Profile picture for SteadyState

Can a buyer put multiple offers?

Many agents claim that there are multiple offers or will be multiple offers on a property. Is it possible for the buyer to place multiple offers on different properties and go with the first offer that is accepted?
  • November 19 2010 - US
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Answers (13)

Theoretically yes but VERY risky and really not good practice. The sales and purchase contract is a commitment to purchase a property. You could lose your deposit if two offers are accepted simultaneously.

By submitting multiple offers you are  misleading the seller unless you intend to buy more than one property or fully disclose what you are doing (which would make your offer very unattractive). Your agent may well and correctly refuse or advice against knowingly send multiple simultaneous offers.

  • November 19 2010
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I wouldn't recommend it  First of all, it's not ethical.  Second, you may be subject to legal liabilities.  Let's say you put offers on House 1 and House 2 at the same time.  If both offers get accepted at the same/similar time whereby you don't have the opportunity to withdraw one of the offers, you may be obligated to perform under both contracts. 
  • November 19 2010
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Yes, there are risks to this. If you want a home for you to live in I don't sugest it. If you are an investor with cash and you can purchase more than one property yes. There are many ways to back out of a contract but you do run the risk of loosing your deposit. Things have slowed a bit, there are homes that are sitting on the market longer that are not short sales. I have seen in the last few days REO sales in my area that have been on for more than a month.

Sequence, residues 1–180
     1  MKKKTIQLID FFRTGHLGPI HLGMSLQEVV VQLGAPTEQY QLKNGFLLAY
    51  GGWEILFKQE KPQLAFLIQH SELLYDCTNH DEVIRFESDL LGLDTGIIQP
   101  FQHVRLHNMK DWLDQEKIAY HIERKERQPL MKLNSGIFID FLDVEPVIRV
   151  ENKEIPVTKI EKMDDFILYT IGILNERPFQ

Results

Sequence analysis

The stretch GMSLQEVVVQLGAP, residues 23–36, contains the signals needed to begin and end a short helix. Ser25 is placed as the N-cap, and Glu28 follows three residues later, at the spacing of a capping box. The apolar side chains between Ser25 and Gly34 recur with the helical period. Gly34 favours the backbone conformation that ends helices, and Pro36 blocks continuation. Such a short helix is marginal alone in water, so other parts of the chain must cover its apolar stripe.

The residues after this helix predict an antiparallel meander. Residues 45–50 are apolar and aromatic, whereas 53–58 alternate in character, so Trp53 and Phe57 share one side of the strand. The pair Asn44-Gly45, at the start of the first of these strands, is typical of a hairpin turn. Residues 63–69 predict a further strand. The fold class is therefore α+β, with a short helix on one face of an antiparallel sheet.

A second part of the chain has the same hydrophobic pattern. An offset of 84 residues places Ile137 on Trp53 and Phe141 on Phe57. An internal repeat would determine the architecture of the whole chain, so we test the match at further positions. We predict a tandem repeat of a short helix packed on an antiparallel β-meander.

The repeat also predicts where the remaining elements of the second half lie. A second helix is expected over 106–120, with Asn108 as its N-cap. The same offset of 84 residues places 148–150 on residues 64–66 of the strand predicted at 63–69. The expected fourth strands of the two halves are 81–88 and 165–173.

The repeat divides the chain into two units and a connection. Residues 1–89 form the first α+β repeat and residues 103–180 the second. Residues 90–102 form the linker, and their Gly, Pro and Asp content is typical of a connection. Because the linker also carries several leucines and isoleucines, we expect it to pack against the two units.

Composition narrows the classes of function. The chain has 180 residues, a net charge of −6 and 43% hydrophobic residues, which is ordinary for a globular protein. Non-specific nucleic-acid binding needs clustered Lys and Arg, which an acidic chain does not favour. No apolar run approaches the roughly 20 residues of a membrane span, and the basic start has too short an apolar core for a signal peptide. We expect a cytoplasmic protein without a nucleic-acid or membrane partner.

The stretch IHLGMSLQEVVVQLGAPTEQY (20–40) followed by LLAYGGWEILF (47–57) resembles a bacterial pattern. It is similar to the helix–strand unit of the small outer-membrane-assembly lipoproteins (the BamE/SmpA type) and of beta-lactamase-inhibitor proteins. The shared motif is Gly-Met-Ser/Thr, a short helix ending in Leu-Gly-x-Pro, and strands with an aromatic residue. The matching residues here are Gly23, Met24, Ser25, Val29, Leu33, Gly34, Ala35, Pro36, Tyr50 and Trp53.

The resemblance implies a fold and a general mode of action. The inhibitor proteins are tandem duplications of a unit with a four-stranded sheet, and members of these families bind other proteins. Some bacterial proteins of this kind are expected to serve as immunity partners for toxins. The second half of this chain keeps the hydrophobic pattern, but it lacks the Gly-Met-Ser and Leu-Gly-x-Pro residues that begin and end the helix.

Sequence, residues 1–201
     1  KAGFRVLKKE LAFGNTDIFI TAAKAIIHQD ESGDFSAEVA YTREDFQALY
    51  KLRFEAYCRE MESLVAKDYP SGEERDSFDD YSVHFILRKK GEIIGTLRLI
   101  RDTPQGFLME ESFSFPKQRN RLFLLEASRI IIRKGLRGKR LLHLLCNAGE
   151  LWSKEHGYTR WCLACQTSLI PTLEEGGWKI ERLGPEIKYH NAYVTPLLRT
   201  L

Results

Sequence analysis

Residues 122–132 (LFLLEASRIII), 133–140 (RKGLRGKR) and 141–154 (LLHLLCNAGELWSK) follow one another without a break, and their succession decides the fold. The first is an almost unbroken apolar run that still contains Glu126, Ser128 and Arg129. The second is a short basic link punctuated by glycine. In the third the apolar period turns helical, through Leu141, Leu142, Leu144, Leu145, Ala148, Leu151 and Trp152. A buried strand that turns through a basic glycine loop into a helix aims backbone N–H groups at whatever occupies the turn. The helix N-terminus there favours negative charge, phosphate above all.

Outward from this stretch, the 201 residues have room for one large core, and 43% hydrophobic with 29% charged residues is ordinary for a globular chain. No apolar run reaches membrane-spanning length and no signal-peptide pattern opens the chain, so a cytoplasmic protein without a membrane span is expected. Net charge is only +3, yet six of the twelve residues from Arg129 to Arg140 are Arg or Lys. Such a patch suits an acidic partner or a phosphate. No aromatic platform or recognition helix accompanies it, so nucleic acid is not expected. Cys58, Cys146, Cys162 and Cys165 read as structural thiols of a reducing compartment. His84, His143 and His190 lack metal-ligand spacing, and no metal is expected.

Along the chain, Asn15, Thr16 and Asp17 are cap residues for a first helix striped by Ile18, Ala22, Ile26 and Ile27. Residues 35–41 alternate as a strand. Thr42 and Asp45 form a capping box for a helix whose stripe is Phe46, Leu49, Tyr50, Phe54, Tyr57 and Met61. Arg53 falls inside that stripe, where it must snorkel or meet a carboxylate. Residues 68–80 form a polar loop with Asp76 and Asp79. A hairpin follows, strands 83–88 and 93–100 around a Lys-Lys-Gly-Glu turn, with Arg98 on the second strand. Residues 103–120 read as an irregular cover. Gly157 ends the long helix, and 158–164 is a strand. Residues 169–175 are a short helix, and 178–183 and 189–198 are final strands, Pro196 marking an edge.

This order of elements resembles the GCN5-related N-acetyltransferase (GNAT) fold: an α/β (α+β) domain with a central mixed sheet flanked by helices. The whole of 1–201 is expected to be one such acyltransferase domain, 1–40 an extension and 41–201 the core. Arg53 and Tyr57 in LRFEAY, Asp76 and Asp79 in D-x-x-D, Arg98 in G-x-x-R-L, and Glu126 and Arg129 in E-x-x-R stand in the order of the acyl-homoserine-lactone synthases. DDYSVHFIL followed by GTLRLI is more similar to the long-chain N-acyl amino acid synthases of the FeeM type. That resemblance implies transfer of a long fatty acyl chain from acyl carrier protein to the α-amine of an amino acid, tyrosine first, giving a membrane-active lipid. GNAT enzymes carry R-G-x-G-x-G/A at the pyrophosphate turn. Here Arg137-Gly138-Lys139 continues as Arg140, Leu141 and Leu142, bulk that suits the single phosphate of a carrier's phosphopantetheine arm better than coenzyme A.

Find an agent you trust, have loan approval with somone who knows what they are doing and enjoy the process.

Good luck
  • November 19 2010
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Profile picture for the_country_hick
It can be done safely with the proper contingencies. But as you see below few realtors know how to do this.

If you try this look for an investor friendly realtor who is more likely to understand this kind of approach.

Perhaps the links below can help you with this. The author knows about this kind of approach and its problems.

"Buying a Home Faster Than Your Competition: 6 Secrets to Winning the Offer Race"

"How To Find And Screen an Investor-Friendly Realtor"


  • November 19 2010
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This can often be done properly and ethically, particularly when dealing with short sales.  In an owner-occupant multiple-offer situation, offers will often be written with short expiration times, making simultaneous offers from one buyer unneccessary.